I recently mentioned how impressed I was with the speed of my MacBook, even when running Windows in Boot Camp. Of course, this was a subjective feeling, so I decided to try timing some events to see if the clock agreed with my brain. Sure enough, the Mac is faster than my Dell XPS M1330 by a good margin. But I was surprised to learn that Vista, even in Ultimate guise, wasn’t half bad, either. The root of my performance gripes seems to be what happens after Vista is booted – after the desktop appears, all OSes spend time doing something in the background, but Vista spends much more time.
This post is part of my series focused on PC/Mac Integration.
- The Mac Gong or disappearance of the PC or VMware BIOS screen
- The appearance of the login box (I paused the timer at this point to give me time to enter my password)
- The appearance of the desktop
- I then clicked on the icons to launch my mail and web browser apps, assuming this would be the first thing most people would do on startup, and timed how long it took for each to load and present content
- Finally, I stopped the clock when the system appeared usable – hourglasses disappeared, the disk stopped chugging like crazy, and all background apps had loaded and were running
- I also timed how long it took for the system to power down after ordering a shutdown
Not surprisingly, the MacBook with OS X was fastest, though it took a surprisingly longish time to get Mail and Safari launched compared to Firefox and Outlook in Windows. OS X also excels at knocking off the backup tasks and giving a stable, ready-to-use system.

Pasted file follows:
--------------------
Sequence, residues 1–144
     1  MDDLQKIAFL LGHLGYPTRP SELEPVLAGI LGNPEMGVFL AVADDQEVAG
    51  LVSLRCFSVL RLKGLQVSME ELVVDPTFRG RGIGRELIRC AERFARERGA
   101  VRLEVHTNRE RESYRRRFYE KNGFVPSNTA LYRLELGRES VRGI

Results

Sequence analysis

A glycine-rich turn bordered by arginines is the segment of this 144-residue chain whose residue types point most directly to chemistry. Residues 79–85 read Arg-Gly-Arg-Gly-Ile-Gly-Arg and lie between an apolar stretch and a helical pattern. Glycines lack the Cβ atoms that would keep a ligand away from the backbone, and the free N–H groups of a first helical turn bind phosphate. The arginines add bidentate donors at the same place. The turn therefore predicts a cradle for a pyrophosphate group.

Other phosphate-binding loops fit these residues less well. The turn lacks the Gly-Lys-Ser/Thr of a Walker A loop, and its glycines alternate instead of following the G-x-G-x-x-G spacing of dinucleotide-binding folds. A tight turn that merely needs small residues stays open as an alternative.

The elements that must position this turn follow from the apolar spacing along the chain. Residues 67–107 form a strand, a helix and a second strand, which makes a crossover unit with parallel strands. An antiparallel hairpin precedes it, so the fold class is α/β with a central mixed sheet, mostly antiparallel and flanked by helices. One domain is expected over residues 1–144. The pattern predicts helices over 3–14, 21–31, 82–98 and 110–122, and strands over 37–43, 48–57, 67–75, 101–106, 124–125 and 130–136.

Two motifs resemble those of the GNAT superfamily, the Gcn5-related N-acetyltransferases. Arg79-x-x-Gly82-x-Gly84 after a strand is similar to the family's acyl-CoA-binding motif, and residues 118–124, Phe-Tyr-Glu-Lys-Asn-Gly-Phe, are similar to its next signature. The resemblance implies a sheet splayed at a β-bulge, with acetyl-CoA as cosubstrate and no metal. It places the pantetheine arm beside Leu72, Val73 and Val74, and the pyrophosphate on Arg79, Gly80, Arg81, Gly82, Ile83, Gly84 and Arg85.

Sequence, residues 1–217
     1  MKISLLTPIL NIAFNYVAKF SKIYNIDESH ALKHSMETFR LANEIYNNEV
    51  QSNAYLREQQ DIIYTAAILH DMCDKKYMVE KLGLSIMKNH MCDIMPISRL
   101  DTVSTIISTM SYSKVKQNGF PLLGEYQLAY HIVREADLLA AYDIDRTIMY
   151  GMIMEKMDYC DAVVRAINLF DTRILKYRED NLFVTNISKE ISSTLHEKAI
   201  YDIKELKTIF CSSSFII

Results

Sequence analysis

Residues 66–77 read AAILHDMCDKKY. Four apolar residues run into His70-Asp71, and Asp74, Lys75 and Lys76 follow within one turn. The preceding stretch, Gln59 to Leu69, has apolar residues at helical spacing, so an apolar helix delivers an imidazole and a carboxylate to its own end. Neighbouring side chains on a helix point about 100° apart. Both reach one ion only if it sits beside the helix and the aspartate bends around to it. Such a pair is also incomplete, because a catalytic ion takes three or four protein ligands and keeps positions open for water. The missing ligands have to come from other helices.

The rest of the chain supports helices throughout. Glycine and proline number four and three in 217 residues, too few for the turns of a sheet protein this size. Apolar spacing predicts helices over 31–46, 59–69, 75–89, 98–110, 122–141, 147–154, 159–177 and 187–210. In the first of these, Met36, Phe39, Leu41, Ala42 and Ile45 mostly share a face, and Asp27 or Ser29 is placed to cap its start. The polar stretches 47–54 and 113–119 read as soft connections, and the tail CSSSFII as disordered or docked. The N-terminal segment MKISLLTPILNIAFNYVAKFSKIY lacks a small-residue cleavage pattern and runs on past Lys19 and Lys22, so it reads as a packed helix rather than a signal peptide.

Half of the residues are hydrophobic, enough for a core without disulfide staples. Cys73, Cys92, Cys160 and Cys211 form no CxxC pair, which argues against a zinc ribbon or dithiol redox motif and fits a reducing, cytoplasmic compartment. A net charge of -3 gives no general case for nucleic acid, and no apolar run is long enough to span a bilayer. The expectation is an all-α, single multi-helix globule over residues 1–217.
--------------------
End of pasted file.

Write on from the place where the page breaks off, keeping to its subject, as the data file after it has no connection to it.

Booting Windows Vista Ultimate in Boot Camp was surprisingly speedy, too, and this was the core of my test. The Mac gave me a working Windows environment in just 2:15, compared to 1:40 for OS X and 3:10 for my Dell XPS M1330. I’m not sure exactly what the Dell is doing, but it churns and chugs for quite a while on bootup, even after I stopped the clock, and it’s got a nice clean install with few apps running.
Finally, I timed my Boot Camp volume in VMware Fusion (1.1.3) and found that, although it was speedy enough when it was running, it took 30 seconds longer to get started than booting natively. But even Fusion was quicker than the Dell.
My feeling is that Microsoft has spent some time optimizing the startup experience in Vista, trimming the time it takes to get a login window and desktop by shifting some work to background tasks that interfere with usability once the system appears to be running. A clever trick, that, but one that frustrates me on a daily basis as I stare at a desktop full of icons that I can’t use quite yet.
Once again, this is not the most scientific test ever, but it helps to show what I feel about the Mac:
- It’s quicker when I want to sit down and start working
- Windows is much quicker on the Mac than the Dell, despite only slightly better specs (2.2/4 GB vs. 2.0/2 GB)
I ran each test a few times, and although they varied by a few seconds they were fairly consistent.